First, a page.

Yesterday, on his radio show, Glenn Beck announced that he had conducted an email exchange with Sarah Palin regarding the public response to Jared Lee Loughner. Props to Ben al-Fowlkes for the link. “Sarah, as you know, peace is always the answer,” Beck said he wrote. “I know you are feeling the same heat, if not much more on this. I want you to know you have my full support.” One hopes, for Palin’s sake, that he is already lying at this point, and that she does not have to field creepy emails from Glenn Beck every Monday morning. Regardless, Beck claims that two things happened next. First, he recommended that Palin hire some bodyguards or something, “because an attempt on you could bring the Republic down.”* As Emily Post reminds us, you should always conclude any letter of support by speculating on what would happen if the person you’re writing to were assassinated. Second, the response he claims to have gotten from Palin is so baffling, so obstinate in its thwarting of sense, that it is the subject of today’s Close Reading.
According to Beck, here is what Palin wrote back:
I hate violence. I hate war. Our children will not have peace if politicos just capitalize on this to succeed in portraying anyone as inciting terror and violence.
Go ahead; read it again. If they ever develop a computer that understands the English language and subsequently becomes a Skynet-style tyrant crushing humanity under its titanium boot, this is the sentence we can use to destroy it. Every time I read it, I experience a period of missing time. Exactly how our children will be denied peace by the successful, if excessive, portrayal of language as an incitement to violence is beyond my capacity to understand. But these are two of the most admired Americans in conversation with each other, so we have to try.
First of all, it’s a good thing Elements of Style co-author and vocal proponent of violence against women E.B. White* isn’t alive, because he would slap Sarah Palin in her crooked mouth. Omit unnecessary words, harpy. Now that I have capitalized on my mug to succeed in taking a sip of coffee, I have calmed down enough to say that a good portion of the third sentence is filler. Excise it, and Palin is saying, “Our children will not have peace if politicos just portray anyone as inciting terror and violence.”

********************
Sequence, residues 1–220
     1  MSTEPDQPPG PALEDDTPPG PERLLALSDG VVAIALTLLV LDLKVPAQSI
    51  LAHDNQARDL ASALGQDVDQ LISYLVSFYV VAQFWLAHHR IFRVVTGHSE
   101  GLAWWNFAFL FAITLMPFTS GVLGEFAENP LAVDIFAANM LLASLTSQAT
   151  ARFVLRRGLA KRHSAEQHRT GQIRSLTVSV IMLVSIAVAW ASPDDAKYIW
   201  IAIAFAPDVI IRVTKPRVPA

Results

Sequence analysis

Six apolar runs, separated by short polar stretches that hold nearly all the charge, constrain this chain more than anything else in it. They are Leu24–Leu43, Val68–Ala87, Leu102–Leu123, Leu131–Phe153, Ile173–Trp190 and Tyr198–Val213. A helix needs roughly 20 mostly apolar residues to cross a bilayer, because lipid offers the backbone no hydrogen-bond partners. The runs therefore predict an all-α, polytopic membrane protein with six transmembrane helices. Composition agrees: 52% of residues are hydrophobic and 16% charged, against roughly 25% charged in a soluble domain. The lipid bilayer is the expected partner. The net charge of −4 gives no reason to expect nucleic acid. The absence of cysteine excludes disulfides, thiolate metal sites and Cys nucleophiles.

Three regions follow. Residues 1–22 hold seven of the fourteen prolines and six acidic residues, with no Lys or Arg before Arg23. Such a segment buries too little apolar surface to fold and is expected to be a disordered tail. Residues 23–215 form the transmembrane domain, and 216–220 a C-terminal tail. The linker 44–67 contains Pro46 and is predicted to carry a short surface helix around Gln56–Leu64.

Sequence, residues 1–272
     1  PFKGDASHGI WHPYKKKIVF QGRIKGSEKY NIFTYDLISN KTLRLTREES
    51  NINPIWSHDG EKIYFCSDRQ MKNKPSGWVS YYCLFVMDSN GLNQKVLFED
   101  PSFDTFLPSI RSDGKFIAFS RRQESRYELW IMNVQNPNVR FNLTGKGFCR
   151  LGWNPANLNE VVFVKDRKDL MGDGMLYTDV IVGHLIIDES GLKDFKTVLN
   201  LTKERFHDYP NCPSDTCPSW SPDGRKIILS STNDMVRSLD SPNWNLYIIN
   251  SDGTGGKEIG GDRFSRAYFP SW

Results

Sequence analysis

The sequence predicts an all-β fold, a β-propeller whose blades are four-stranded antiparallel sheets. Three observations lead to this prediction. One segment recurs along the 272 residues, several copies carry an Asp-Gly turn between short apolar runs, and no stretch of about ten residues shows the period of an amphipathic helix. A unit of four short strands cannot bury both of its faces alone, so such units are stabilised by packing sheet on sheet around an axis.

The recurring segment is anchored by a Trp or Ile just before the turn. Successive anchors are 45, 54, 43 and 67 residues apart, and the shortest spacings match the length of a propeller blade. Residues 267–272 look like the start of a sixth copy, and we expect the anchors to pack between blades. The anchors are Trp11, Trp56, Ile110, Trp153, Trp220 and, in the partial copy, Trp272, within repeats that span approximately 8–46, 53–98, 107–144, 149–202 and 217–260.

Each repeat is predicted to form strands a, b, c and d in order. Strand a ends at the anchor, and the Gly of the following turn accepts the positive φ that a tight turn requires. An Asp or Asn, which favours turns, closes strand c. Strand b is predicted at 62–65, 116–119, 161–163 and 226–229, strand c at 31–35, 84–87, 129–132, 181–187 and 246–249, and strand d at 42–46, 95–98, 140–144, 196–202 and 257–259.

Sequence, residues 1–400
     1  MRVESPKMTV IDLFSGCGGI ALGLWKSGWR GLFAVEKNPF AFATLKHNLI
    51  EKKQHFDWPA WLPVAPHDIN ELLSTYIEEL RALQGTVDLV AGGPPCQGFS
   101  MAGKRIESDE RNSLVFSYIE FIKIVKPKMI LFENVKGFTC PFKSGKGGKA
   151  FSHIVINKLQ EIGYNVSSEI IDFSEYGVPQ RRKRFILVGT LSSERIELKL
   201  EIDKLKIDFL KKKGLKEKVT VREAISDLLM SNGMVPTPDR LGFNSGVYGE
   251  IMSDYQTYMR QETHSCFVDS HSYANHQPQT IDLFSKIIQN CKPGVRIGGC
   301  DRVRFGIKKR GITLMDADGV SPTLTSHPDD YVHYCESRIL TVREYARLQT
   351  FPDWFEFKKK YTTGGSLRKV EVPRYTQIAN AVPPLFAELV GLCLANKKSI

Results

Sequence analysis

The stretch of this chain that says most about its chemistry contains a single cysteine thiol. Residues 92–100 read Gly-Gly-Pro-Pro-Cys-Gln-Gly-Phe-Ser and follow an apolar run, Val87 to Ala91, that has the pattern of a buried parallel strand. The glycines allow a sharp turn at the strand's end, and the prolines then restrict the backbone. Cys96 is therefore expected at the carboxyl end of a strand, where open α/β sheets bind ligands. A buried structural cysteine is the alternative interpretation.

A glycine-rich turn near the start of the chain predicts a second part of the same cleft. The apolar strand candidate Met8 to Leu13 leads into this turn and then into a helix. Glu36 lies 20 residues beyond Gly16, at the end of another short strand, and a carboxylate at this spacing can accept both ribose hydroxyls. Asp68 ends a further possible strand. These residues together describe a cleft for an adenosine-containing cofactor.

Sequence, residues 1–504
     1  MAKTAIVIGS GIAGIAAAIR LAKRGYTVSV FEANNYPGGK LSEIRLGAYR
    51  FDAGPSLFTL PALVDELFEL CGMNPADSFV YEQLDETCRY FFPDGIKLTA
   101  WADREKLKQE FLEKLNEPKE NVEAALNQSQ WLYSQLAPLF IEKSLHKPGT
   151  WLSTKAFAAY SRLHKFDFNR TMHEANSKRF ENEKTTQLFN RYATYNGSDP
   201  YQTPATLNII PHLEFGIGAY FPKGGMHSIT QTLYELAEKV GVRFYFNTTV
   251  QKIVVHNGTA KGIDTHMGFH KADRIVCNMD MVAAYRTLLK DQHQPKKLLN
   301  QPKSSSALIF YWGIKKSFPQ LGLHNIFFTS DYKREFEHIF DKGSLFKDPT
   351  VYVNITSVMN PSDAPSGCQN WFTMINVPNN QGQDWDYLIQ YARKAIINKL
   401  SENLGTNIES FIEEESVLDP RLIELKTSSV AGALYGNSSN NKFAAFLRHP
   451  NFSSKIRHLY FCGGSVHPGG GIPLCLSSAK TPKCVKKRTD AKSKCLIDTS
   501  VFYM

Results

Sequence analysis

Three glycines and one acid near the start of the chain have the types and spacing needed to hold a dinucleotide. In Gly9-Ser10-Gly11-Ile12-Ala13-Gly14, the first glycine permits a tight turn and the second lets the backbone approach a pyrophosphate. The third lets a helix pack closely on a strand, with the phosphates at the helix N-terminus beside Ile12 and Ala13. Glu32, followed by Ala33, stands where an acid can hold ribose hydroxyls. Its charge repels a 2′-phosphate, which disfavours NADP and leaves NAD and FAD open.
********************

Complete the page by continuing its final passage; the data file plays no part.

Ah, you say in a vaguely effeminate tone, but there is another unnecessary word in this sentence: the demon “just.” Normally, I would agree with you. You can just add that word to almost any sentence, and it just rides along without altering the meaning. In this case, though, “just” may be the missing key to the abandoned storage locker of Palin’s mind. It does little where it sits now, but if we move it to another place in the sentence—as Palin is wont to do with almost any given word—we get “Our children will not have peace if politicos portray just anyone as inciting terror and violence.”
Now we’re approaching some kind of sense. Palin is worried that discourse will be hobbled if we start equating speech with violence, and she packages it in the “think of the children argument,” because why the hell not? Never mind that last month, Palin herself suggested that Julian Assange should be classified as a terrorist, or that she generally uses the T-word with roughly the same frequency that the rest of us use commas. Concerns like that fall under the same category as the sentences “I hate violence,” and “I hate war”: lying.
Sarah Palin hates war so much that she can’t talk for 30 seconds without mentioning the War on Terror, War in Iraq or War in Afghanistan, all of which she supports like a nursing home day room supports Fox News. She hates war so much that she spent the 2008 campaign repeatedly praising her son’s deployment in Iraq to roaring crowds. And she hates violence so much that she shoots wolves from helicopters and gutted a moose on national television.
But at least she phrases those lies clearly. The sliver of glass in Palin’s word-concept soup is the notion that “our children will not have peace” if we accuse purveyors of hyperbolic rhetoric of inciting violence. It’s true that putting crosshairs over congressional districts and comparing the President to Hitler are not direct incitements to violence. It is also true, however, that such images are aspects of an America so removed from real violence and so steeped in imagery violence that fat talk show hosts and beauty queens from Alaska run around talking like Bruce Willis characters. We shouldn’t accuse just anyone of encouraging violence with their speech. That doesn’t meant that speech can’t do that, however, or that it doesn’t just make us all a little dumber.